Heritability of Usual Alcohol Intoxication and Hangover in Male Twins: The NAS-NRC Twin Registry

Sheng Hui Wu, Qin Guo, Richard J. Viken, Terry Reed, Jun Dai

Research output: Contribution to journalArticle

6 Scopus citations

Abstract

Alcohol consumption is influenced by heritable factors. The genetic influence on usual high-density drinking, including alcohol intoxication and hangover, is unknown. We aim to estimate the heritability of usual high-density drinking. Methods: A total of 13,511 male twins in this cross-sectional study were included from the National Academy of Sciences-National Research Council (NAS-NRC) Twin Registry. Data on the frequency of alcohol intoxication and alcohol hangover over the past year, that is, usual high-density drinking (phenotypes), were collected through a self-administered questionnaire when twins were middle-aged in 1972. Structural equation modeling was used to estimate the variance components of phenotypes. Results: The mean of the frequency of usual high-density drinking in the entire twin population was 0.16 times per month for intoxication and 0.18 times per month for hangover. The heritability of usual alcohol intoxication was 50.7% (95% confidence interval [CI] 46.2 to 55.0) before and 49.9% (95% CI 45.3 to 54.2) after the body mass index (BMI) adjustment. The heritability of usual hangover was 55.4% (95% CI 51.2 to 58.6) before and 54.8% (95% CI 50.6 to 58.8) after adjustment for BMI. Unshared environmental factors between co-twins explained the remaining variance in alcohol intoxication and in hangover. Conclusions: Both genetic and unshared environmental factors have important influences on usual alcohol intoxication and hangover. These findings are important in understanding the occurrence of and developing interventions for usual high-density drinking.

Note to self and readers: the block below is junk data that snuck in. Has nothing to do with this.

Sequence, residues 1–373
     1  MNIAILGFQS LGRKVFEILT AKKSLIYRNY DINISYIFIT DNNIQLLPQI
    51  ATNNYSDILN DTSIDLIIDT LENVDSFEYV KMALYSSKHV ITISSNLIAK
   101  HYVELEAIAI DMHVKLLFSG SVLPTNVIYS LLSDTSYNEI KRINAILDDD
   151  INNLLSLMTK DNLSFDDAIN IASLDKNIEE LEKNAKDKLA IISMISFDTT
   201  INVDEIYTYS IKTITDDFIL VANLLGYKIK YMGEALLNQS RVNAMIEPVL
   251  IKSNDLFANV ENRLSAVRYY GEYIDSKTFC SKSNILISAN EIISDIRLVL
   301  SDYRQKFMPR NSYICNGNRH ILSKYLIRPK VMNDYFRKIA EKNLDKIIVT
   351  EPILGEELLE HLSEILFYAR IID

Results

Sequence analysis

Original languageEnglish (US)
Pages (from-to)2307-2313
Number of pages7
JournalAlcoholism: Clinical and Experimental Research
Volume38
Issue number8
DOIs
Publication statusPublished - Aug 2014

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Keywords

  • Alcohol
  • Hangover
  • Heritability
  • Intoxication
  • Twin

ASJC Scopus subject areas

  • Medicine (miscellaneous)
  • Toxicology
  • Psychiatry and Mental health

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